My journey through Skyward has slowed down considerably. I have other games to play and review. And in general, the steam that powered this expansion prior to the encounter with The Vault has waned significantly. That is not to say Skyward The sluggish back-end pace wasn’t interrupted by a few bright spots.
After this Lose the shark elephantI did not think Skyward could still hurt me. But when Haurchefant’s father, Lord Fortemps, gave me the broken shield of his fallen son, I lost it absolutely, not because of the memory of our loss together, but because of the tearful, sad look on my character’s face. Skyward is six years old, I don’t know what technology is running the game’s engine, but I’ll tell you it’s pure witchcraft. This is an MMO that must be run on millions of devices of varying performance for more than 20 million people. And yet I can see the literal tears in my character’s eyes. This is the kind of facial animation you’d expect in a prestigious AAA single player game developed by Naughty Dog or Sony Santa Monica for the PS5 … in a six year old MMO. Damn it.
Beyond being stunned FF14In the facial animations, there was another moment in the bowels of the Great Gubal Library that rekindled the spark I felt playing this game when Shark elephant handed me cups of hot, unspecified liquid to drink.
I recently decided to quit my other jobs and focus solely on leveling my astrologer as it became increasingly difficult to level all of my jobs evenly and go through the main story quest. As I and other Healing is difficult and stressful, but by and large very rewarding. However, that change also meant that whenever the main story quest (or MSQ) mandates a trip through a dungeon to proceed, your girl will have to heal, and it’s tough.
My first dungeon after this change was the Great Gubal Library. I had been warned that the dungeon is tough on healers, so I checked out a couple of YouTube videos explaining the bosses’ layout and mechanics. Queuing for a dungeon to cause damage can take up to 15-20 minutes. As a healer – two seconds. I made the right choice in choosing my AST.
Party members do not normally speak in dungeons that go beyond a short “hello” at the beginning and “GG” at the end. Everyone is there to do a job, collect loot and get out. But, fearful that my evolving healing skills would not be up to the snuff, I decided to break with tradition and let my group know that I was new to the dungeon. After I spoke, the tank did too and told us that they too had never seen this dungeon before. The perpetrators – two black magicians – were silent. The first part of the dungeon went well until we faced the first boss when our progress stalled.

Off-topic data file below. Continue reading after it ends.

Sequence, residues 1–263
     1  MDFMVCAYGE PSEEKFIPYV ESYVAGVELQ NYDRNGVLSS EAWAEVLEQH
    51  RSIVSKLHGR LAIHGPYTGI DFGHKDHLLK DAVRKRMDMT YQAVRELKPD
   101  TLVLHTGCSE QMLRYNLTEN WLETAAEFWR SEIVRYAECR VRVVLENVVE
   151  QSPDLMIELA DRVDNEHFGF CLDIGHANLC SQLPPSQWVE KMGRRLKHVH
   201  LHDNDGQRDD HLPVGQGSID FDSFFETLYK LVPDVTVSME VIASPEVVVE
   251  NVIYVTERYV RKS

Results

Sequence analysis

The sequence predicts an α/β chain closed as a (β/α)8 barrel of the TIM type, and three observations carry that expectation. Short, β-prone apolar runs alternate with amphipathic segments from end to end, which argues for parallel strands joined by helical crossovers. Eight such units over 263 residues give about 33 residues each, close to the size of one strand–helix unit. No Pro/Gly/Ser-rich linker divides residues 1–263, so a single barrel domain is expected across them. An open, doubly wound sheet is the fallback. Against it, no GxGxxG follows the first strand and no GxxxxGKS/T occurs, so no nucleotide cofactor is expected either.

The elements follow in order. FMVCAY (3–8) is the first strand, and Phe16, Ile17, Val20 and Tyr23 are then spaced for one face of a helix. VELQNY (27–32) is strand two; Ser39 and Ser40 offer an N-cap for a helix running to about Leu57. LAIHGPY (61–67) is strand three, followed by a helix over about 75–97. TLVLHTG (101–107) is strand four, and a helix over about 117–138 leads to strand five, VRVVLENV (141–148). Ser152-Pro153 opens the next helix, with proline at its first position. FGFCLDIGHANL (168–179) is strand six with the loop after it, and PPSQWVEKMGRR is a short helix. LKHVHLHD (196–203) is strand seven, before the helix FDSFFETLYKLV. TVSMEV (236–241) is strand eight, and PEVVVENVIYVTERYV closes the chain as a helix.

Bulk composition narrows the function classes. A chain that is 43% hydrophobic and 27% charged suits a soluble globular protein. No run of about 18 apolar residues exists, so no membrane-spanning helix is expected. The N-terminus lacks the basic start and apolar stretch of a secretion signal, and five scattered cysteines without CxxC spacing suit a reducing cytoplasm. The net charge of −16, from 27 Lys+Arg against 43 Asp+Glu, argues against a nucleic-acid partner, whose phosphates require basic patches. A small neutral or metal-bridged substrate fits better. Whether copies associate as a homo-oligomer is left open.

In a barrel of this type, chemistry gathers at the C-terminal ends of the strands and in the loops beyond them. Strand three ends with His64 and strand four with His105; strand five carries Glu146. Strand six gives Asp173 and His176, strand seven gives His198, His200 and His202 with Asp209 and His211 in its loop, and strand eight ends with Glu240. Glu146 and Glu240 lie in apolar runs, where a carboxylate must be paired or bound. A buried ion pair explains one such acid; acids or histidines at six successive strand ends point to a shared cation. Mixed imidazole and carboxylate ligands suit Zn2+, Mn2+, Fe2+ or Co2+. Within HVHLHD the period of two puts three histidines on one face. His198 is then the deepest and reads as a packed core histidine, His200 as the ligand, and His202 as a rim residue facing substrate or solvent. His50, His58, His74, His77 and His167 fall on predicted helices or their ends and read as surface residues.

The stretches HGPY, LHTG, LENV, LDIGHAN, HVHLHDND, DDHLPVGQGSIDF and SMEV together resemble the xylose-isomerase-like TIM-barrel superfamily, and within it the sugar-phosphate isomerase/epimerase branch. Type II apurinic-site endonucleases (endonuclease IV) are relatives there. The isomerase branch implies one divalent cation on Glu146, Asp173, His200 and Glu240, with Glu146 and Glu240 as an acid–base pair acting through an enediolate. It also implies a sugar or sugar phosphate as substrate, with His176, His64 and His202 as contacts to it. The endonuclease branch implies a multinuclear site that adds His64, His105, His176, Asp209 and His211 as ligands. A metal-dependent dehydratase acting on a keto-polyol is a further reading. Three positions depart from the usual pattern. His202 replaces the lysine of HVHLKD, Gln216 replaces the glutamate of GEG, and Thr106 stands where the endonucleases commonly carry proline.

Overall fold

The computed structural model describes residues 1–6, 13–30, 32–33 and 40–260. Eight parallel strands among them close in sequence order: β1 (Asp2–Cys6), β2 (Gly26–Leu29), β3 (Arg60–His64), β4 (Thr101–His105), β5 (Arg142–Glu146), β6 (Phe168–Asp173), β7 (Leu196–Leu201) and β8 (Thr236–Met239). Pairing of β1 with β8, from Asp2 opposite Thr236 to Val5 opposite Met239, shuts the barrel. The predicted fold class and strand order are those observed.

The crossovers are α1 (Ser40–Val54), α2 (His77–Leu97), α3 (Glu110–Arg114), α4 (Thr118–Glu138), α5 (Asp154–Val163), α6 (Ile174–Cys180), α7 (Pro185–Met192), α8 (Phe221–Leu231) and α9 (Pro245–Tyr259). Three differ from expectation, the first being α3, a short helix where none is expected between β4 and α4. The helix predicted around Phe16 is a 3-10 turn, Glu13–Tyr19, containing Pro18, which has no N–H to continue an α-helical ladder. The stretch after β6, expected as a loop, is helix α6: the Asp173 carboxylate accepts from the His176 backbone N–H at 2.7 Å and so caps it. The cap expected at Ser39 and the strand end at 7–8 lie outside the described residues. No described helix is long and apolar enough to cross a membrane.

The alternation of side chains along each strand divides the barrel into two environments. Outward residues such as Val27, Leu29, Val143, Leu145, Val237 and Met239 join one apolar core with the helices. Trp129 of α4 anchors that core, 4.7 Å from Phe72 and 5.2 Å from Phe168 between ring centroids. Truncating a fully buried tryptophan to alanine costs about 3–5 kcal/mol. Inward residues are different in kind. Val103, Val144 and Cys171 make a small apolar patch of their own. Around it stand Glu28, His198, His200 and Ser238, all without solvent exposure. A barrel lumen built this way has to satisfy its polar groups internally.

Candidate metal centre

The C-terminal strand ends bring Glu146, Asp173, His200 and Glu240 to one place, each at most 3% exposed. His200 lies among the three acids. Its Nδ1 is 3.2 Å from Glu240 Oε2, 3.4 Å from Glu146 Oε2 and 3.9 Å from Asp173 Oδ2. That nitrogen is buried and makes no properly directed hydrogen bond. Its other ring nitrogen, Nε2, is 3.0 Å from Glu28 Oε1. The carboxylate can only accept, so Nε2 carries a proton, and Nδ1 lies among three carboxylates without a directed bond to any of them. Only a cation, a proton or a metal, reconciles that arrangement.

Fuck the book. You know the one. We just couldn’t kill this book. Either I died or the tank died after being caught in its attack on the insta-killing area. I was so embarrassed that I considered faking a breakup and coming back to complete the dungeon in one of my damage classes. But I felt sorry for the Panzer who kept complaining in the chat about how bad they were and how sorry they were dying so much that I stayed at the party doing my best to teach the Panzer what I learned from my YouTube research. Eventually I stopped dying and wondered when and how to move, but the tank still couldn’t understand. Those who caused the damage became frustrated. One of them left the dungeon upset, which was actually the best thing that ever happened, because they were replaced by a bard who saved our expedition.
This bard was patient, kind, and very knowledgeable. They called when to start moving to avoid Book Boss’ insta-kill attack and put down enough damage to put the boss down for good. We “cheered” and “/ cried” in chat, grateful for this Heavenly Party member, and with her help the rest of the dungeon was a breeze.
This bard saved our dungeon run. Other players would stop instead of patiently leading us to victory. It felt like being in a Shonen anime – our party, united by the fire-forged bonds of friendship, overcame seemingly insurmountable opportunities.
Dungeons shouldn’t be difficult. They are loot piñatas attached to an EXP fire hose. But every now and then FF14 chooses violence by throwing players in an inexplicably difficult dungeon boss encounter for shits and giggles, and I love it. As an MMO player, I usually only feel this great sense of achievement in the end game, when the content is explicitly designed in such a way that it is extremely difficult. When these experiences morph into normal content it feels like getting adrenaline pumping at times – they are a reminder of why I love this game, even if it’s slow.